A Medical Device Daily

Dialysis Corporation of America (DCA; Linthicum, Maryland) reported that it has amended its secured revolving credit facility with KeyBank National Association to provide for up to $25 million in financing.

The three-year agreement provides for both base rate and LIBOR loans with interest rates to be based, respectively, upon either the bank's base rate or the London InterBank Offered Rate (LIBOR), plus an applicable margin.

DCA President/CEO Stephen Everett said, "As we go down the road of building our company through denovo development and select acquisitions, a concrete credit facility becomes critical. While we intend to further expand the credit line as opportunities warrant, we believe that we are in ideal shape to accomplish our goals for at least the next 12 to 18 months."

The company said it plans to use its new credit facility to support its continued rapid growth and for general business purposes.

DCA owns and operates freestanding kidney hemodialysis centers located in Georgia, Maryland, New Jersey, Ohio, Pennsylvania, South Carolina and Virginia, and provides in-hospital dialysis services on a contract basis to certain hospitals located in the those states.

CryoPen (Corpus Christi, Texas) has received $2 million in state funds to continue work on the development of a device to that freezes unwanted or harmful tissue.

The private company has developed a pen-like device that can kill tissue such as warts, keloids and skin tags without the storage and handling of hazardous liquids and gases, such as liquid nitrogen, carbon dioxide or nitrous oxide.

The system consists of hand-held freeze modules, a refrigeration unit and reusable tips. It is designed to remove tissue by the application of extreme cold temperature.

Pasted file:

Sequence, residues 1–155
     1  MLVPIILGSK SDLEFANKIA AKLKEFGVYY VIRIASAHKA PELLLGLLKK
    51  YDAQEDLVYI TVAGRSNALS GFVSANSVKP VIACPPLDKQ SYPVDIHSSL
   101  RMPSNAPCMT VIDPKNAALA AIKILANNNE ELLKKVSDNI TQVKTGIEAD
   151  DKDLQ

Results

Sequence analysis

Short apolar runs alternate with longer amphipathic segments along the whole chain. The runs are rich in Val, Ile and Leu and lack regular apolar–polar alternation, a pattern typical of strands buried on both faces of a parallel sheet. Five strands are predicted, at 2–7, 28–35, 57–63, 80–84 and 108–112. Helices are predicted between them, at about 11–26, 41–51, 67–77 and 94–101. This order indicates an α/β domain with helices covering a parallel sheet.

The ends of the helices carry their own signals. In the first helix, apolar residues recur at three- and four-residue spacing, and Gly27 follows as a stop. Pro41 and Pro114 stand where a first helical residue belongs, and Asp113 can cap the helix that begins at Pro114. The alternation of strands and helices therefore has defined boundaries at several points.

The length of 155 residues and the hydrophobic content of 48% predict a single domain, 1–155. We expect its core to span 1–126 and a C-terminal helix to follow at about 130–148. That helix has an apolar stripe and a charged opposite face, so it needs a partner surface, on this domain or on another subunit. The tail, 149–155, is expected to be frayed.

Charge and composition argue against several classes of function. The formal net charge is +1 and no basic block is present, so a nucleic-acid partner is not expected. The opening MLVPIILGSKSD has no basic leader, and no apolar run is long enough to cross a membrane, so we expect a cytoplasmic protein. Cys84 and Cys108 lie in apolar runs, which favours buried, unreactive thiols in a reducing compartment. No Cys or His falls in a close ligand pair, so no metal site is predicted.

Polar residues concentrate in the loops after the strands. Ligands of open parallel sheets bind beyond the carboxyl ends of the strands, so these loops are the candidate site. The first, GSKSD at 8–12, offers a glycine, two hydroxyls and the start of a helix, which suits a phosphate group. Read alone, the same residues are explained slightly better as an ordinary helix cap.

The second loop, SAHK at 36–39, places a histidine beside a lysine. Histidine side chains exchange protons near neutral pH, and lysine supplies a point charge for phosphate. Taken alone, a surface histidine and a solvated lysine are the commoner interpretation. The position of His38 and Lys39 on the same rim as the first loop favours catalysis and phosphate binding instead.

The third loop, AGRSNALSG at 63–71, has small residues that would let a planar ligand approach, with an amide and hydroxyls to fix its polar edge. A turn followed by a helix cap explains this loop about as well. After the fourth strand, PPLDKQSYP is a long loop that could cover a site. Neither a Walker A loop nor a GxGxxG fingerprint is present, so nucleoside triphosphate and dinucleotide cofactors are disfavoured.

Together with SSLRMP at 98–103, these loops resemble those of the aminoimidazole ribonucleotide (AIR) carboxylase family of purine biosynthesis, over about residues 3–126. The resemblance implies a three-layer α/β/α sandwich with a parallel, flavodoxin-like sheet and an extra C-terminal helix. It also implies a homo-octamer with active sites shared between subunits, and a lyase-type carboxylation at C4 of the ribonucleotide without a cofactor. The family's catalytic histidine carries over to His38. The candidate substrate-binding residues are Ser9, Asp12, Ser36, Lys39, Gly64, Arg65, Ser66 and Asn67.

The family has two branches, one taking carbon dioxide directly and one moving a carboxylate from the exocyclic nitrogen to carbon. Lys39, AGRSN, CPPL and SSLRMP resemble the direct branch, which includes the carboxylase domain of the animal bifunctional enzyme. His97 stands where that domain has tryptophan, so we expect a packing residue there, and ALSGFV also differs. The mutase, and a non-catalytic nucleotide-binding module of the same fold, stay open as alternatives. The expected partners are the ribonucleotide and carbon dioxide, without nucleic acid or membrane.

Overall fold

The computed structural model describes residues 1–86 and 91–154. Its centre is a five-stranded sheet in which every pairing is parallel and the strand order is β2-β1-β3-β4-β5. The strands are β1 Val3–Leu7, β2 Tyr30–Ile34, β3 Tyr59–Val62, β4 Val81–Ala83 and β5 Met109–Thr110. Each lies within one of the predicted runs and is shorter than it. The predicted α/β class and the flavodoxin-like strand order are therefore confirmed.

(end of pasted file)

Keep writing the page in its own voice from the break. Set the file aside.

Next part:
The funds come from the Texas Emerging Technology Fund, a $200 million program started in 2005 to invest in tomorrow's technology developed in the state. The program has allocated $115 million to Texas companies and universities.

Gov. Rick Perry reported the allocation Monday, saying the CryoPen device is unlike anything seen in the past decade and that it could bolster Texans' health, the state's healthcare business and economic diversity.

Because of its safety and ease of use, Perry said in a release that the device makes cryosurgery, or the freezing of tissue, more easily available to primary care physicians, especially those in small communities, eliminating the need for patients' travel to larger towns for medical care.

CryoPen began selling its $8,000 machine in April 2006 and sold more than 50 units regionally.

The company is implementing a national rollout, according to the governor's office.

In other financings news, Compugen (Tel Aviv, Israel) reported that it has no intention of issuing equity at the company's current market value. This statement was made in response to questions from shareholders and others.

"We have made no announcements that would account for the substantial decline in the price of our shares during the past few days," said Chairman Martin Gerstel. "However, in discussions with shareholders and others, a great deal of concern has been raised that the company's financial situation would require it to seek additional capital during the next few months regardless of market conditions or the price of its shares."

Gerstel said this notion is incorrect and that the company has cash on hand and marketable securities, that he estimated would be sufficient to fund its currently planned operations "well into 2010."

Compugen is a drug and diagnostic product discovery company.